It’s a matter of fact that agile project management approaches are getting more and more popular – not only for managing IT projects, but also in other PM application areas such as product development projects.
Lyssa Adkins is a very experienced project manager and PM consultant with over 15 years of experience in a wide variety of industries and teams – large and small. In the following video she talkes about how the role of a project manager should develop towards an agile coach – quite interesting.
I summarized the key points of the video for you. Hope this helps…
Some rules and key success factors of being an agile coach:
1) Be detached from outcomes: don’t only focus on WHAT the team works on (outputs and outcomes) but also on HOW the team works
2) Take it to the team: let the team solve the project’s issues and problems
3) Be a mirror: reflect back to the team, ask questions
4) Master your face: practice non-violent communication, be relaxed
5) Let there be silence: get comfortable with un-comfortable silence
6) Model being unreasonable: be wild, be big, be bold
7) Let the team fail: teams that fail and recover together are much stronger, trust!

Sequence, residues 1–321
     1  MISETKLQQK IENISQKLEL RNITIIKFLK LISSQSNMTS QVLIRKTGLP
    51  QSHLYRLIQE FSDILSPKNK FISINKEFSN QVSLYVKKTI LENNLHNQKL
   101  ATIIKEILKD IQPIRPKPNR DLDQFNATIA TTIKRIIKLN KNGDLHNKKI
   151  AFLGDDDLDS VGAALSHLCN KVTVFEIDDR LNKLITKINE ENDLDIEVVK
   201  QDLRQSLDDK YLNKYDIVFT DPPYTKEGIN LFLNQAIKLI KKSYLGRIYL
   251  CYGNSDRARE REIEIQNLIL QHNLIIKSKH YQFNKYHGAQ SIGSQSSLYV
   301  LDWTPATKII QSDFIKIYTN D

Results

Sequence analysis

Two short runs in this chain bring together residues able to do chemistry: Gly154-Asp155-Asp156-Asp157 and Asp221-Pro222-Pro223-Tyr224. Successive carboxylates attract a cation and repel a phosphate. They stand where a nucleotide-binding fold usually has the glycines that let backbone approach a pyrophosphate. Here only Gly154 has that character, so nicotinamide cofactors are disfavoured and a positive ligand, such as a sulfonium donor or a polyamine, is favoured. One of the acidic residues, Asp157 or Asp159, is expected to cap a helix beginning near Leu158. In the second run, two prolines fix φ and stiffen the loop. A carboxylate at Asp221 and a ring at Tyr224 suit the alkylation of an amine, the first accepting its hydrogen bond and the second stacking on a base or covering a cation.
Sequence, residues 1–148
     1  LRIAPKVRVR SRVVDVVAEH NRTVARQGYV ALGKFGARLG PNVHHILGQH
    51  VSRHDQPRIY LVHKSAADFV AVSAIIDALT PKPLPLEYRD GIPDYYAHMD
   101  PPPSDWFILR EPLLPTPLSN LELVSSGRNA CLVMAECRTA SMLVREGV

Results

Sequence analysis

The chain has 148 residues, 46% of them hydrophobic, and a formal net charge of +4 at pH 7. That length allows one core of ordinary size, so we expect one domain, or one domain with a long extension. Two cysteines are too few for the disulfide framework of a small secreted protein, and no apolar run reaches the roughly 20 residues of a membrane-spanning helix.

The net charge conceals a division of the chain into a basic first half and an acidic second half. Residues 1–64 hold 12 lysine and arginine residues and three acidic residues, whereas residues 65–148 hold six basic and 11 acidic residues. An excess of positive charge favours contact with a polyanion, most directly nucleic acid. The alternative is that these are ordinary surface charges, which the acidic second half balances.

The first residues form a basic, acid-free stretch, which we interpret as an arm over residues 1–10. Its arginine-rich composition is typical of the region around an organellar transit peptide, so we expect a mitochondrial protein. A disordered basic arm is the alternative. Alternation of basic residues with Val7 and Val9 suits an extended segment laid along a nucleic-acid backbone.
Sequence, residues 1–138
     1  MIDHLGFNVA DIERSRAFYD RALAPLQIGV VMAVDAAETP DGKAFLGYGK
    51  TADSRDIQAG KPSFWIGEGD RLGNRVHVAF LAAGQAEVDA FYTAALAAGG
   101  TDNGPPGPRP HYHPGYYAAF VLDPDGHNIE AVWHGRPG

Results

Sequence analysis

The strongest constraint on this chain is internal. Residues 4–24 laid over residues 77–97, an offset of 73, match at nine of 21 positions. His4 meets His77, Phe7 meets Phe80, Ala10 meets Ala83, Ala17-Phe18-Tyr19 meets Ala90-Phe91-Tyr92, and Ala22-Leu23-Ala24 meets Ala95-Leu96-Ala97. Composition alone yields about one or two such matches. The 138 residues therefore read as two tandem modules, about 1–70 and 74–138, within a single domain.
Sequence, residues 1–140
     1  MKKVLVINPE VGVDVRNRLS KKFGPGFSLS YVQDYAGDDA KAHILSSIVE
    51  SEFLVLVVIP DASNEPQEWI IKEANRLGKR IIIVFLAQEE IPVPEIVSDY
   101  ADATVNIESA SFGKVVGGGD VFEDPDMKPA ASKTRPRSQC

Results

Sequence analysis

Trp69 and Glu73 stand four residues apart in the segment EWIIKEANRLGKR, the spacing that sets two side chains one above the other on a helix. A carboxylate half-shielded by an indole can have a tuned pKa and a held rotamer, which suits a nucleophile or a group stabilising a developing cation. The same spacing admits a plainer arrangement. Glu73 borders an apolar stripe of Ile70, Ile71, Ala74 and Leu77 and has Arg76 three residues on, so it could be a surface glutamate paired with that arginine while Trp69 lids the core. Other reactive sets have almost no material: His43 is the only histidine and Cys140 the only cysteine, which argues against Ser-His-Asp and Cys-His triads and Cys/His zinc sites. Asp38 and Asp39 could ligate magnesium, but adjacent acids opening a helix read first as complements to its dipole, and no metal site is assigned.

8) Be your team’s biggest fan: …and tell your team
What is it to be an Agile Coach?
– Bulldozer: sweep problems and issues out of the way for your team
– Shepherd: get them back on the path
– Servant Leader: serve the team, be a facilitator; „Make sure that other people’s highest priority needs are being served.“
– Guardian of quality and performance: watch WHAT and HOW your team is producing
And this is part two of the presentation:
3 Gedanken zu „From Project Manager to Agile Coach“
I am honored to be on your blog. Thanks for watching and look for more to come. I am working on a video about the roles in Agile and how they interlock with one another – in the same style as the „Project Manager to Agile Coach“ videos.
@Lyssa: Thanks for sharing your work and experiences with us!
This is nothing to do with Agile. This is to do with the behaviour of the Project Manager and is equally applicable across any methodolgy/approach.